Martin entered the ward that Sophie was in with some trepidation. He’d been told that she was fine, but he refused to believe it until he laid eyes on her.
She was turned away from him slightly, pillows propped behind her back and her left arm braced against her body in a sling. He could see a bruise nearly fully formed round her eye, small cuts where the car window must have broken and showered her in glass.
He felt sick and completely drained as he stepped over the threshold and shuffled forward into the room. A hand found it’s way to her wrist, gripping loosely so his thumb stuttered over her pulse point. She stirred slightly and Martin could feel his heart thudding up into his throat.
She turned her head, eyes fluttering awake as she took in Martin stood beside her bed, hair a homeless mess, eyes wide and bloodshot. He looked a state.
‘Your shirt needs ironed,’ she said softly. Martin started laughing with the relief of the moment and bent to kiss her, thumb caressing the bruise on her cheek.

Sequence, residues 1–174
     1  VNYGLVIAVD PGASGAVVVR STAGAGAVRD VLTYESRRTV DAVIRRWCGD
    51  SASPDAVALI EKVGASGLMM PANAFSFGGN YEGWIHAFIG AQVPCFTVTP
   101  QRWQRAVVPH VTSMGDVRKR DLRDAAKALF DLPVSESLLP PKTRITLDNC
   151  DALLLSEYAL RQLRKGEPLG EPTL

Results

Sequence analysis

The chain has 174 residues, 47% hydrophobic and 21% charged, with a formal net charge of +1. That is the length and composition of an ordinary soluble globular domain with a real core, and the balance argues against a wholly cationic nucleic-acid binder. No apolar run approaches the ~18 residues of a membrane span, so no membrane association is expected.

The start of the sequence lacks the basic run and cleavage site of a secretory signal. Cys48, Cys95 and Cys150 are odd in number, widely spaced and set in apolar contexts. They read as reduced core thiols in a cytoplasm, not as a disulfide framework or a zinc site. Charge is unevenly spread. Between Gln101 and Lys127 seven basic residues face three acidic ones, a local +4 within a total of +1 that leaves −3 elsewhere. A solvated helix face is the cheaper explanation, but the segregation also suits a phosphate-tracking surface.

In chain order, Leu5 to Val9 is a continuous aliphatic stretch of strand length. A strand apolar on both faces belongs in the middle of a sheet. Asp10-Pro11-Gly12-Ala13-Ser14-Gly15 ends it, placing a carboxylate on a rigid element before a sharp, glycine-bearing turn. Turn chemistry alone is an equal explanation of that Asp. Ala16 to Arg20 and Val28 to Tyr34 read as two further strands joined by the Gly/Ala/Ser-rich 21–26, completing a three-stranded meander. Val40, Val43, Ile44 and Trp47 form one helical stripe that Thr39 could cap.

‘You scared me.’
‘Sorry.’ She shifted slightly in the bed so she could see him properly. ‘Some twat ran a red light. Think the car’s buggered.’
‘Damn the car, Sophie!’ Martin all but shouted. He brought a hand up to cover his mouth and Sophie could see how much he was shaking now. She twisted her wrist round so she had a hold of his hand, tugging slightly, encouraging him to sit down which he did with little resistance on the edge of the bed.
‘I’m okay, hun. And so is the baby. Martin, you’re a dad.’
He pursed his lips, and for once didn’t babble or say anything else. He just nodded, looking at her, not quite holding her gaze as his eyes kept drifting to the cuts on her cheeks or her shoulder and then it hit him. He started crying again, unable to stop himself as the relief and happiness swept over him.
‘Oh, Martin. Come here, you daft bugger.’ Sophie was tugging on his arm again to get him to turn towards her. She reached up to wipe at his tears before hooking a thumb round the collar of his shirt and pulling him in for a kiss.
‘I’ll be fine.’ She repeated when they were nose to nose. ‘We’ll be fine.’ She didn’t let him pull away until she could see the belief in his eyes. It took a while before he nodded and she let him go. He pulled back, sniffing, rubbing the tears from his cheeks with one hand as he tried to compose himself.